And what sort of costs am I talking about? To little fanfare the IMF announced last year that for Ireland to get to 2030 Climate Action Bill targets it would cost €20 billion per annum (about €10,000 per household not including recent inflation). A recent report in the UK put the cost closer to £500,000 per household to get to net zero by 2050 which is close to double the Irish figure when annualised. Sure people care about climate action, but do they care that much? If you ask a random sample of people from the “squeezed middle” I suspect the answer would be no.

Our current strategy is moving headlong from a fuel intensive electricity supply to material intensive one as we continue to be hypnotised by wind and solar and very short duration battery storage. To give a real world example the energy intensity of nuclear vs wind is almost a trillion fold when you take power generated per kg of material needed in totality. Like it or not wind farms are material hungry between the steel, concrete and new wires needed for a pitiful return in megawatt terms and at that only at times when there is the wind blowing. If we are to fully electrify our transport and heat infrastructure, we will effectively have to double the size of our grid at high and low voltages. Whatever about the societal impact of more wires the cost of it is eye watering when you consider the 1000s of kms of cabling and new substations and transformers needed. Back of the envelope calculations put the figure somewhere approaching €100 billion for electricity upgrades alone.

With recent policy signals the Irish government is clearly putting all its chips in offshore wind to solve our generation problems. This technology is loaded with huge costs to build the generators, get the power ashore and plugged into the grid. Recent figures from the Kincardine floating offshore wind farm in the UK revealed a staggering capital cost of £8million per Megawatt installed, a full ten times that of gas fired power and can only generate at about half the efficiency i.e. when the wind is blowing. Getting the consumers to cover this business case is undoubtedly going to force more people into fuel poverty. The absolute antithesis of “sustainability” in the purest sense of the word as more misery is heaped on those who can least afford it.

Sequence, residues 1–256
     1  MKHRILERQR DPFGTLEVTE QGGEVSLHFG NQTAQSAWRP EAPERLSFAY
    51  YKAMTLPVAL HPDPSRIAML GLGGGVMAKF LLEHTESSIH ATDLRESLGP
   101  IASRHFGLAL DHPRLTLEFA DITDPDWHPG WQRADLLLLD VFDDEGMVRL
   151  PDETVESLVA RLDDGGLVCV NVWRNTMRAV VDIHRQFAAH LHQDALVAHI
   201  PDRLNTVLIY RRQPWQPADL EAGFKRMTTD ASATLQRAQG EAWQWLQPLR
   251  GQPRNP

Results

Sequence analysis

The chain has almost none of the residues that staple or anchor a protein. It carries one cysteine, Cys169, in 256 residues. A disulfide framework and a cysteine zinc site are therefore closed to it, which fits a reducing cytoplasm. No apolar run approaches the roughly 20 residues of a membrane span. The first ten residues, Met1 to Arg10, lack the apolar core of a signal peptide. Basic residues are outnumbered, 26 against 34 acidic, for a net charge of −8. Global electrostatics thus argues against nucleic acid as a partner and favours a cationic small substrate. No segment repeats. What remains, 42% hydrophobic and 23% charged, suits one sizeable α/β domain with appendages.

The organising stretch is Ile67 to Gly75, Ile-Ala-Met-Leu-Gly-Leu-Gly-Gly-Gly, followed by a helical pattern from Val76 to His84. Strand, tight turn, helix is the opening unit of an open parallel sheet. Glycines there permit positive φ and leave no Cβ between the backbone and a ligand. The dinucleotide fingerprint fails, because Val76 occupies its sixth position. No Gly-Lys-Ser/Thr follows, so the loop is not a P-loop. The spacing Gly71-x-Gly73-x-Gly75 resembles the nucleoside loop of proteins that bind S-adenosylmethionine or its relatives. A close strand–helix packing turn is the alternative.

The energy transition looks to be speeding ahead but it is clear from my experience no cost benefit analysis from cradle to grave has been done and ordinary people have no idea how bad it is likely to get. All this in the name of chasing a green ideology rather than effective policy. One must ask why are Ireland pursuing such self-destructive measures, is it to be the best child in the class or some other political gain? China emits as much CO2 in 36 hours as we do in an entire year, we must start asking ourselves is it all worth it? Worst case scenarios from the IPCC predict about 1m in sea level rise by 2100 – shouldn’t we perhaps look at spending fractions of the cost of the energy transition to mitigate any negative effects of climate change that may or may not happen in the next 80 years? I know what Dr Sowell would think.